Your body produces white blood cells (leukocytes), which help fight bacterial infections, viruses and fungi. There are several types of white blood cells, each with a different disease-fighting activity.
A white blood cell disorder can mean that your child has too few or too many white blood cells of a certain type, which can cause, or be caused by, serious health problems. Types of white blood cell disorders include low white blood cell count (leukopenia), high white blood cell count (leukocytosis), neutropenia, lymphocytopenia, monocyte disorders and eosinophilia, among others.
There are many types of white blood cell disorders, such as:
- Low white blood cell count. Low white blood cell count, or leukopenia, means having too few disease-fighting cells (leukocytes) circulating in the blood. A long-term low white blood cell count increases risk of infections and may be caused by a number of different diseases and conditions.
- High white blood cell count. High white blood cell count, or leukocytosis, means having too many leukocytes circulating in the blood. A number of different diseases and conditions may cause a long-term high white blood cell count.
- Neutropenia. Neutropenia is a low number of neutrophils, a kind of white blood cell that fights infections of fungi and bacteria. Neutropenia can be caused by a problem in the bone marrow or by a condition that prematurely destroys cells in the bloodstream. In addition, certain medications and other diseases or conditions can cause neutropenia.
- Lymphocytopenia. Lymphocytopenia (lim-fo-si-toe-PE-ne-uh) is a decrease in lymphocytes, the type of white blood cell that, among other tasks, protects your body from viral infections. It can result from an inherited syndrome, be associated with certain diseases, or be a side effect from medications or other treatments.
- Monocyte disorders. Monocytes help get rid of dead or damaged tissue and regulate your body's immune response. Infections, cancer, autoimmune diseases and other conditions can cause an increased number of monocytes. A decreased number can be the result of toxins, chemotherapy and other causes.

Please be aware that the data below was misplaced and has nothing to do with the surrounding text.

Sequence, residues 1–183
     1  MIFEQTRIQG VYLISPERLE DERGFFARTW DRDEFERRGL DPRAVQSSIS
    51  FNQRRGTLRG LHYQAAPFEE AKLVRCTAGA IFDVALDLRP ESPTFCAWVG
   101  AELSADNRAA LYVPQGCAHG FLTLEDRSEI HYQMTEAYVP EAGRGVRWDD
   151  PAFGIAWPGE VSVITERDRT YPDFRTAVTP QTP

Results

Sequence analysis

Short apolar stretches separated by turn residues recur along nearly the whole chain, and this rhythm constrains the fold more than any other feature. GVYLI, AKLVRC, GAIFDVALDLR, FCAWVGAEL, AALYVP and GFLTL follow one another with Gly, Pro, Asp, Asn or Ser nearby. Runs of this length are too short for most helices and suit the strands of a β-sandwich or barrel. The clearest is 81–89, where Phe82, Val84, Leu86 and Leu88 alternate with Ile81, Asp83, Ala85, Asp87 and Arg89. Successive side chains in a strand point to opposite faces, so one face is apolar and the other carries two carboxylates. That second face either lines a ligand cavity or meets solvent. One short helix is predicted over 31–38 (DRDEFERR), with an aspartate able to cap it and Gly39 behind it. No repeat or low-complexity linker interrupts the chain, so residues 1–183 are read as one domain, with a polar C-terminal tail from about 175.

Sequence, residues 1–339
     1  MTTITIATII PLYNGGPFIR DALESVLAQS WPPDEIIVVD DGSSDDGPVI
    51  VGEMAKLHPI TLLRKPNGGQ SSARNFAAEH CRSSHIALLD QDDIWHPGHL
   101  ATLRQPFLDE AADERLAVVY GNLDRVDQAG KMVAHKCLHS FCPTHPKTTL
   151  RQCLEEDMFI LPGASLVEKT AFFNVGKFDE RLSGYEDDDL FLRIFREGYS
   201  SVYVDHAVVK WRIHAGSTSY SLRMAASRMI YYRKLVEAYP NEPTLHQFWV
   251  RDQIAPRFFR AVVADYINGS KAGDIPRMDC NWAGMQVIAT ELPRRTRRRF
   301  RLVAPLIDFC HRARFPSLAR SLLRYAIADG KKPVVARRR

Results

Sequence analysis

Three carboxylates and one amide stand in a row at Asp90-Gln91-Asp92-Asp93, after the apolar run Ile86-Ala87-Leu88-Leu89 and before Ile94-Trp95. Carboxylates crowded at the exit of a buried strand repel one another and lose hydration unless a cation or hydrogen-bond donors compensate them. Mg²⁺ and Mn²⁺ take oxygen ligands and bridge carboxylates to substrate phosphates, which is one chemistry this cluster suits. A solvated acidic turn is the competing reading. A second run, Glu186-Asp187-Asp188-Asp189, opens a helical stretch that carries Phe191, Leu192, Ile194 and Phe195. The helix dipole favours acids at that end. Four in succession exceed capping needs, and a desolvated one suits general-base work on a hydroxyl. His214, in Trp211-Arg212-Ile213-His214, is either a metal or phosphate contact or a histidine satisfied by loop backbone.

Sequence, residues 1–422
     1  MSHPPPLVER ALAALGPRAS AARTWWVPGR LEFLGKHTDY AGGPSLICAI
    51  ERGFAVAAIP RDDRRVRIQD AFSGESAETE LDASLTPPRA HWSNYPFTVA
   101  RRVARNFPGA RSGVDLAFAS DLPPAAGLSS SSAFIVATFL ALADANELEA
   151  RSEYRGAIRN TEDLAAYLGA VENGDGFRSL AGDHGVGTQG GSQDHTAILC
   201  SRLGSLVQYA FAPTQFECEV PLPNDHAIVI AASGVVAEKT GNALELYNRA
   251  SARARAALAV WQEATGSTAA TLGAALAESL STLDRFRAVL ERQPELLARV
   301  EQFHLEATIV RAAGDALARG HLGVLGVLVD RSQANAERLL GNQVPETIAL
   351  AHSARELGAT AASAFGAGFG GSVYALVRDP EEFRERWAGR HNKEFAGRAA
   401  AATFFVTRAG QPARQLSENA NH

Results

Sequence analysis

- Eosinophilia. Eosinophilia (e-o-sin-o-PHIL-e-uh) is a higher than normal number of eosinophil cells, a type of disease-fighting white blood cell. Eosinophilia can be caused by a variety of conditions, diseases and factors, most commonly by an allergic reaction or a parasite infection.
- Expertise and team approach. Your multispecialty team of experts may include pediatric hematologists, pediatric oncologists and other pediatric experts in immunodeficiencies and infectious diseases who work together to provide exceptional care for children and support for families.
- Newest technology. At Mayo Clinic, your doctor will have access to specialized lab tests and may work with immunologists and infectious disease experts to find the best treatment approach. The Cellular and Molecular Immunology Laboratory, which is part of the Jeffrey Modell Foundation for Primary Immunodeficiency Center at Mayo Clinic, provides the most modern and cutting-edge testing to identify underlying causes of many white blood cell disorders.
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Doctors in pediatric hematology and oncology and other pediatric experts in immunodeficiencies and infectious diseases treat pediatric white blood cell disorders at Mayo Clinic in Minnesota. Mayo Eugenio Litta Children's Hospital is child-friendly, providing comfortable consultation rooms, imaging areas and inpatient care.
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To diagnose your child's condition, doctors may perform the following:
Nov. 20, 2012
- Blood tests. If your child's white blood cell count is abnormal, a Mayo Clinic pediatric hematologist will work closely with lab specialists and others to determine the type of white blood cell disorder and the cause.
- Bone marrow biopsy. Doctors insert a thin needle into the bone to collect a tissue sample and then examine the cells under a microscope.
- Additional tests. More tests, such as imaging and others, may be needed for proper diagnosis. In tests that involve radiation, specialists carefully monitor doses to avoid the risk of radiation overexposure.